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Shakespeare.

More are men's ends mark'd, than their lives before : The setting sun, and music at the close, (As the last taste of sweets) is sweetest last.

RICHARD II. ii. 1.

Just Death, kind umpire of men's miseries,
With sweet enlargement doth dismiss me hence.

1 HENRY VI. ii. 5.

I will; if that my fading breath permit,
And Death approach not ere my tale be done.

1 HENRY VI. ii. 5.

Heaven's vault should crack; 0, she is gone for ever! She's dead as earth !

KING LEAR, v. 3.

Dost thou know who speaks to thee ?Dark cloudy death o'ershades his beams of life,And he nor sees, nor hears us what we say.

3 HENRY VI. ii. 6.

O God, forgive him !
So bad a death argues a monstrous life.-
Forbear to judge, for we are sinners all.-
Close

up his eyes, and draw the curtain close ; And let us all to meditation.

2 HENRY VI. iii. 3.

Then, dreadful trumpet, sound the general doom !

ROMEO AND JULIET, iii. 2.

Shakespeare.

Although the duke was enemy to him,
Yet he, most christian-like, laments his death.

2 HENRY VI. iii. 2.

Moderate lamentation is the right of the dead, excessive grief the enemy to the living.

ALL'S WELL THAT ENDS WELL, i. 1.

The purest treasure mortal times afford,
Is spotless reputation : that away,
Men are but gilded loam, or painted clay.

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life;

in one :

Mine honour is

my

both

grow
Take honour from me, and my life is done.

Mine honour let me try;
In that I live, and for that will I die.

*

RICHARD II. i. 1.

O me! this sight of death is as a bell
That warns my old age to a sepulchre.

ROMEO AND JULIET, v. 3.

A man's life's no more than to say, One.

HAMLET, v. 2.

The sands are number'd that make

life! Here must I stay, and here my life must end.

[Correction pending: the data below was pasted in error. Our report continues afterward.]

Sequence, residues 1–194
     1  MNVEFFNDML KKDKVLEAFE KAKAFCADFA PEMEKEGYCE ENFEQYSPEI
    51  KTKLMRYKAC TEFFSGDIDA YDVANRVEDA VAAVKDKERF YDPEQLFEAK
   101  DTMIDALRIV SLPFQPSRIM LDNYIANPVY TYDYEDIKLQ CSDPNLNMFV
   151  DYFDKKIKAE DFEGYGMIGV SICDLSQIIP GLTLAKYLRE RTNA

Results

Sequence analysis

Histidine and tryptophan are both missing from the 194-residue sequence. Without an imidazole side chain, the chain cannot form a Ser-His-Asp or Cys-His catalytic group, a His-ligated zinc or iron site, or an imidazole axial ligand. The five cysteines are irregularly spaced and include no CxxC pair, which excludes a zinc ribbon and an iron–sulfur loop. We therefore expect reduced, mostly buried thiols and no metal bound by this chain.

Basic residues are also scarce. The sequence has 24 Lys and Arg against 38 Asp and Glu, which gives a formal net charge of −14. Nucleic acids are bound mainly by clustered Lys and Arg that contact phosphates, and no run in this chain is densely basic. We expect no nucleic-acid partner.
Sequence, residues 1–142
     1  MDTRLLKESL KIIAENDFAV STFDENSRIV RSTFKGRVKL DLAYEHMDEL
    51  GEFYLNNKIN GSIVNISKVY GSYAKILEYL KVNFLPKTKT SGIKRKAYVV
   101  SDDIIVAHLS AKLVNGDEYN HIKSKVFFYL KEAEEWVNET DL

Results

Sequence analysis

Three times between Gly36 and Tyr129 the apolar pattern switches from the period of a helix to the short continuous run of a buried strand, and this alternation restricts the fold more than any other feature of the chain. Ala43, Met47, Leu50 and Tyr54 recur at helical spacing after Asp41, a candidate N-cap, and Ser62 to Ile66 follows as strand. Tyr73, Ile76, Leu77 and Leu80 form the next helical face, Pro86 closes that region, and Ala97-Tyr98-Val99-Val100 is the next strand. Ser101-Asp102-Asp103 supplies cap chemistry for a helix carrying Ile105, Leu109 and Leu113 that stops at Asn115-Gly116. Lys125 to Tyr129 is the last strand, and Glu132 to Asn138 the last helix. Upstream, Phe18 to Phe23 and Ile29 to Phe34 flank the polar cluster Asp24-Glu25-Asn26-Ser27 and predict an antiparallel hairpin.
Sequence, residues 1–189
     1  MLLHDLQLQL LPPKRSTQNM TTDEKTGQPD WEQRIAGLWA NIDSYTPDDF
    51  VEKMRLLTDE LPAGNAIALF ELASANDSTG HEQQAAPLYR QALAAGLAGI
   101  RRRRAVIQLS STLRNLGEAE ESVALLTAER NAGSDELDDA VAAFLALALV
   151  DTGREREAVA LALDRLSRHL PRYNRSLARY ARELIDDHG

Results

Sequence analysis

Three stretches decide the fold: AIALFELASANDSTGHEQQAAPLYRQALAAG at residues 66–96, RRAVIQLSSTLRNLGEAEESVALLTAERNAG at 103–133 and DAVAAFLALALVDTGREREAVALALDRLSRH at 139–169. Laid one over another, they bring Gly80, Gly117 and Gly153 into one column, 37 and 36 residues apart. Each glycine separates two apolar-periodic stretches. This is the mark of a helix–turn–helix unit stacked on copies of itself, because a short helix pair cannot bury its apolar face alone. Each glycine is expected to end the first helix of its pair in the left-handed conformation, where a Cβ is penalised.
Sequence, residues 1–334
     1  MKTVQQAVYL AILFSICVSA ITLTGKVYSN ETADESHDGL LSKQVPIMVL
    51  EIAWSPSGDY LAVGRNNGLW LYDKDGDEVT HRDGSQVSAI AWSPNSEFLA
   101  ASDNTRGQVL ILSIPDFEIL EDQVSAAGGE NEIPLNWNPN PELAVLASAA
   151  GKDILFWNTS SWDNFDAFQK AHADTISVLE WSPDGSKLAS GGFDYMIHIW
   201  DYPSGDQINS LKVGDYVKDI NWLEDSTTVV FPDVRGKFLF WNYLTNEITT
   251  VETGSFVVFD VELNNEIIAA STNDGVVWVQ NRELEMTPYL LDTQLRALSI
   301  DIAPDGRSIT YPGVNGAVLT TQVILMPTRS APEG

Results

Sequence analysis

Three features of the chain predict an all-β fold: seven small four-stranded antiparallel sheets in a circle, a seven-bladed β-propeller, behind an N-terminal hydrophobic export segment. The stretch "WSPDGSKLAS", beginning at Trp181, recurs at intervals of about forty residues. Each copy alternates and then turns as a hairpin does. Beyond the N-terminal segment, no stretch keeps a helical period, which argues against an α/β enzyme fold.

up my

3 HENRY VI. i. 4.

Shakespeare.

SOUL.

My soul the faithfull’st offerings hath breath'd out That e'er devotion tender'd!

TWELFTH NIGHT, v. 1.

There is some soul of goodness in things evil,
Would men observingly distil it out.

HENRY V. iv, 1.

Hence, thou suborn’d informer !a true soul, When most impeached, stands least in thy control.

SONNET cxxv.

0, such a deed As from the body of contraction plucks The very soul.

HAMLET, iii. 4.

I have done those things,That now give evidence against my soul.

RICHARD III, i. 4.

I will not vex your souls; Since presently your souls must part your bodies.

RICHARD II. iii. 1.

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Such neighbour nearness to our sacred blood
Should nothing privilege him, nor partialize
The unstooping firmness of my upright soul.

RICHARD II. i. 1.

Heaven 's above all, and there be souls that must be saved, and there be souls must not be saved.

OTHELLO, ii. 3.

God forbid, so many simple souls
Should perish by the sword !

2 HENRY VI. iv, 4.

O God, defend my soul from such foul sin !

RICHARD II. i. 1.

Now God be prais’d! that to believing souls
Gives light in darkness, comfort in despair !

2 HENRY VI. ii. 1.

My grief lies all within,
And these external manners of lament
Are merely shadows to the unseen grief
That swells with silence in the tortur'd soul.

RICHARD II. iv. 1.

Shakespeare.

Our souls religiously confirm thy words.

KING JOHN, iv. 3.

And then my soul shall wait on thee to Heaven,
As it on earth hath been thy servant still.

KING JOHN, v. 7.

If Heaven have any grievous plague in store,
Exceeding those that I can wish upon thee,
O, let them keep it, till thy sins be ripe.

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The worm of conscience still be-gnaw thy soul !

RICHARD III. i. 3.

I hold my duty, as I hold my

soul, Both to my God, and to my gracious king.

HAMLET, ii. 2.

Come, side by side together live and die;
And, soul with soul from France to Heaven fly.

1 HENRY VI. iv. 5.

If, when you make your prayers, God should be so obdurate as yourselves, How would it fare with your departed souls ?

2 HENRY VI. iv, 7.

Take good heed
You charge not, in your spleen, a noble person ;
And spoil your nobler soul! I say, take heed.

HENRY VIII. i, 2.

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